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Jeff Sessions Pushes Back On Suggestions Of Collusion

The attorney general told the Senate Select Committee on Intelligence that the suggestion is "an appalling and detestable lie."
Posted at 9:54 PM, Jun 13, 2017

"I did not recuse myself from defending my honor against scurrilous and false allegations," Attorney General Jeff Sessions said.

Sessions told the Senate intelligence committee Tuesday he has never discussed with foreign officials — including Russians — "any type of interference with any campaign or election." 

Sessions also said he has "no knowledge of any such conversations by anyone connected to the Trump campaign." 

"The suggestion that I participated in any collusion, that I was aware of any collusion with the Russian government to hurt this country, which I have served with honor for 35 years, or to undermine the integrity of our democratic process, is an appalling and detestable lie," Sessions told senators.

Sessions also denied reports that he had a private meeting with the Russian ambassador during a Trump campaign event at the Mayflower Hotel in April 2016. He also said he doesn't recall any conversations with the ambassador during a reception held ahead of Trump's speech.

"Why don't you tell me? There are none, Sen. Wyden. There are none. I can tell you that for absolute certainty," Sessions told Democratic Sen. Ron Wyden. 

The attorney general defended himself — at times fervently — when asked about this testimony from fired FBI Director James Comey.

"He was very close to and inevitably going to recuse himself, for a variety of reasons. We also were aware of facts that I can't discuss in an open setting that would make his continued engagement in a Russia-related investigation problematic," Comey told Wyden during his testimony before the Senate intelligence committee on June 8.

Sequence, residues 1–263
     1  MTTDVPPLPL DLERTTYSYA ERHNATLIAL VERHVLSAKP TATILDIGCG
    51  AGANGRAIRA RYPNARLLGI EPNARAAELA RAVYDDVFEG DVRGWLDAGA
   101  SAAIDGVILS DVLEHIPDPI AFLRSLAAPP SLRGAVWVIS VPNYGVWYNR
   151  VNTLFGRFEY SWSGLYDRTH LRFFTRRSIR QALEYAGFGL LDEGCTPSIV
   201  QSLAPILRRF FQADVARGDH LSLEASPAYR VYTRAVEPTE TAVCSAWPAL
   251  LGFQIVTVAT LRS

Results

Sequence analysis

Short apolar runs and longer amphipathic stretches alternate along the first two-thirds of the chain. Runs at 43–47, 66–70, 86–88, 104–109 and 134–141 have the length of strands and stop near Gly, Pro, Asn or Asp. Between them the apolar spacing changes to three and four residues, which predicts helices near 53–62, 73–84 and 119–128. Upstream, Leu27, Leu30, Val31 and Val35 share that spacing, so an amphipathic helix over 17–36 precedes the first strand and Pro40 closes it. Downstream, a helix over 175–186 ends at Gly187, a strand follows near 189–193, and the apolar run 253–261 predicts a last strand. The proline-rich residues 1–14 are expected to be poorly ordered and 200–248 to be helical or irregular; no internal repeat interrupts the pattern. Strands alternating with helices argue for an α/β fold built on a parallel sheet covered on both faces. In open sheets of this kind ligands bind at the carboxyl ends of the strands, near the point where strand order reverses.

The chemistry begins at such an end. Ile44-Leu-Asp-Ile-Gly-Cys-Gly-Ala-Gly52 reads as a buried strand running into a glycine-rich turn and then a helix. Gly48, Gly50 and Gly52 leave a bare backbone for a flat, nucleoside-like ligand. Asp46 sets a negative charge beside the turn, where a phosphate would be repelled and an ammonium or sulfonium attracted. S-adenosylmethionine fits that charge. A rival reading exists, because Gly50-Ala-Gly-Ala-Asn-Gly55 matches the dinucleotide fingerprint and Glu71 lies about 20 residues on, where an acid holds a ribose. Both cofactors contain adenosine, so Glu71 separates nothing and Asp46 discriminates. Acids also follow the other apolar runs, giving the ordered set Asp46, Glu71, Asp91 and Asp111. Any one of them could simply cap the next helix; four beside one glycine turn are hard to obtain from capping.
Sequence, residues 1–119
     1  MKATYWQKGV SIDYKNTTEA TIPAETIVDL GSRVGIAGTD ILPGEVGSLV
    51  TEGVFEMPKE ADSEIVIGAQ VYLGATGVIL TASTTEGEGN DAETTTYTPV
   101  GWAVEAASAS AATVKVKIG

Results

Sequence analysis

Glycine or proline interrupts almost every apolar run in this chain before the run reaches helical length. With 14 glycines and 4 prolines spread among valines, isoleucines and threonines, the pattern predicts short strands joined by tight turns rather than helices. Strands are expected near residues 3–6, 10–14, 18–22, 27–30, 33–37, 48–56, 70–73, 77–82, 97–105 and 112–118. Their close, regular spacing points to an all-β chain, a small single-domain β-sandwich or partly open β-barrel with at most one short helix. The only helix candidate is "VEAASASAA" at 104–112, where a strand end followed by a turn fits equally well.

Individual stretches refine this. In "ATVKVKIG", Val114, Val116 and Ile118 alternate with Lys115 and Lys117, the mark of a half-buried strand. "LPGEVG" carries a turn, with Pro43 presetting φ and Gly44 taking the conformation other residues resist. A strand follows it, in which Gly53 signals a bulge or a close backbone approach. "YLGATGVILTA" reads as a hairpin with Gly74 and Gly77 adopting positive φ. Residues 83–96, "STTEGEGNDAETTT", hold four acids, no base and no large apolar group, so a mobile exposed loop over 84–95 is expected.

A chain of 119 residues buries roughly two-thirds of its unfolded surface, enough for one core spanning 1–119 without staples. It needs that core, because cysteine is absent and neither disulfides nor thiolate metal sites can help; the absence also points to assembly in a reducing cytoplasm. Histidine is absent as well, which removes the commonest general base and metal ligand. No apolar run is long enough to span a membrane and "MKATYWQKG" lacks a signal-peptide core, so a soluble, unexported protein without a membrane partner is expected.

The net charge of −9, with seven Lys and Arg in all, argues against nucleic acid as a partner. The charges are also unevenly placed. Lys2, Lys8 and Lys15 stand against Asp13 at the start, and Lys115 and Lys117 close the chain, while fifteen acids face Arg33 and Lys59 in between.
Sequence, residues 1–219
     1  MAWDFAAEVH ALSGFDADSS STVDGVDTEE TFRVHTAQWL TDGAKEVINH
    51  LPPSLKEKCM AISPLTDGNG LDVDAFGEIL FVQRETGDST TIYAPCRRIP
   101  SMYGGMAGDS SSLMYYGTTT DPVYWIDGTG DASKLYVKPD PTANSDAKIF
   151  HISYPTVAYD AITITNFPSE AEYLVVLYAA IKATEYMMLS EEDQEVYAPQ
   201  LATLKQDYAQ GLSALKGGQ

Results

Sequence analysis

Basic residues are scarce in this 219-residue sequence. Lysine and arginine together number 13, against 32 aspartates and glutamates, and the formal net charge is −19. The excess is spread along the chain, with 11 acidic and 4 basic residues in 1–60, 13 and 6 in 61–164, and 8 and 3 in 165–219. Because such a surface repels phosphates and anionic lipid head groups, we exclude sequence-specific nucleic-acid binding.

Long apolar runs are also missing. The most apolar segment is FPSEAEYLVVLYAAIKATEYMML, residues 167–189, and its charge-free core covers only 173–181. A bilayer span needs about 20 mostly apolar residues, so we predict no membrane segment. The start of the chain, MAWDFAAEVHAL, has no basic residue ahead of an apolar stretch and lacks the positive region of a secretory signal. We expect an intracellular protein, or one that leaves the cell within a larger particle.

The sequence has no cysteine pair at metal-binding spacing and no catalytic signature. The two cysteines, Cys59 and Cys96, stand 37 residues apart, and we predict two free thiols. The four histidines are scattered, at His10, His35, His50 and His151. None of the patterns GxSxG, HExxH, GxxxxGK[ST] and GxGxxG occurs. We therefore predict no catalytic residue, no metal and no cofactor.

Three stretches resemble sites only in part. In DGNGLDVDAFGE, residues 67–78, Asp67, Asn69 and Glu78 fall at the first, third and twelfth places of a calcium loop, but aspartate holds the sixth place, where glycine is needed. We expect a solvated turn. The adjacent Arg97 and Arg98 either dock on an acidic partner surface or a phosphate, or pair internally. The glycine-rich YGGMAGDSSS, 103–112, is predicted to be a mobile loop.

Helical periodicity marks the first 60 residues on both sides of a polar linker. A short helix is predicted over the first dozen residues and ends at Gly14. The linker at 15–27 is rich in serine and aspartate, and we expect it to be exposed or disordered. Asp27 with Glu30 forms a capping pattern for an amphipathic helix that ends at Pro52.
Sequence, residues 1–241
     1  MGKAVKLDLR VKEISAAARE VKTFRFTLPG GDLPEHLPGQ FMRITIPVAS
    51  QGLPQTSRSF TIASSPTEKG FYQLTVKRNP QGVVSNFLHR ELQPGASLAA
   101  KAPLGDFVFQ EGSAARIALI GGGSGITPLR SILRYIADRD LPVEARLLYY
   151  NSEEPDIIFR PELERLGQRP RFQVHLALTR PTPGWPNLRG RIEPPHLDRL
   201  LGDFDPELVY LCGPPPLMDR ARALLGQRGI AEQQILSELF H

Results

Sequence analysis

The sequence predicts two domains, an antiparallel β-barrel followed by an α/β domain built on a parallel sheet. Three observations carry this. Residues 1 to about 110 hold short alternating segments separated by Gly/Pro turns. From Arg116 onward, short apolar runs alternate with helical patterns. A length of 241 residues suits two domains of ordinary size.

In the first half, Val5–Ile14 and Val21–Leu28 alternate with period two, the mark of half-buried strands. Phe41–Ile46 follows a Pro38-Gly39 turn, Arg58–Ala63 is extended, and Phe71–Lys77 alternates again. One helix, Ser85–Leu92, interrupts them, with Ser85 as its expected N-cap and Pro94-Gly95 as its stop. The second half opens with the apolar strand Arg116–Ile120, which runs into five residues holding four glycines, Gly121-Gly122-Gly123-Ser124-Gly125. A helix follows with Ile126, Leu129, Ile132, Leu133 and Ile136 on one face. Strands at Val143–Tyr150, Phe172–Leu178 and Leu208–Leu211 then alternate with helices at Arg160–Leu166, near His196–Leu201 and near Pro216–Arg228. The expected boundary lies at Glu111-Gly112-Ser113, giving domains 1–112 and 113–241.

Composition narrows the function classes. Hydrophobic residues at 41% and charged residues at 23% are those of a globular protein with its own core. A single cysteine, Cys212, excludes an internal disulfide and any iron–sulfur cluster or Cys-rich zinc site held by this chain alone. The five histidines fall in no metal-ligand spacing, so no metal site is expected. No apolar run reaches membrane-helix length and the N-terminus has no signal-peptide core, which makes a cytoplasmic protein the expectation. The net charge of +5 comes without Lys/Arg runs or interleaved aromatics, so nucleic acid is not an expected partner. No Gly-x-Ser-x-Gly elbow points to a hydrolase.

"This is a secret innuendo being leaked out there about me and I don't appreciate it. And I've tried to give my best and truthful answers to any committee I've appeared before," Sessions responded Tuesday. 

Sessions testified that he met with a "senior ethics official" at the Department of Justice the day after he was sworn in as attorney general. 

"From that point, Feb. 10, until I announced my formal recusal on March 2, I was never briefed on any investigative details [and] did not access information about the investigation. I received only the limited information that the Department’s career officials determined was necessary to inform and make a recusal decision. As such, I have no knowledge about this investigation as it is ongoing today beyond what has been publicly reported," Sessions said.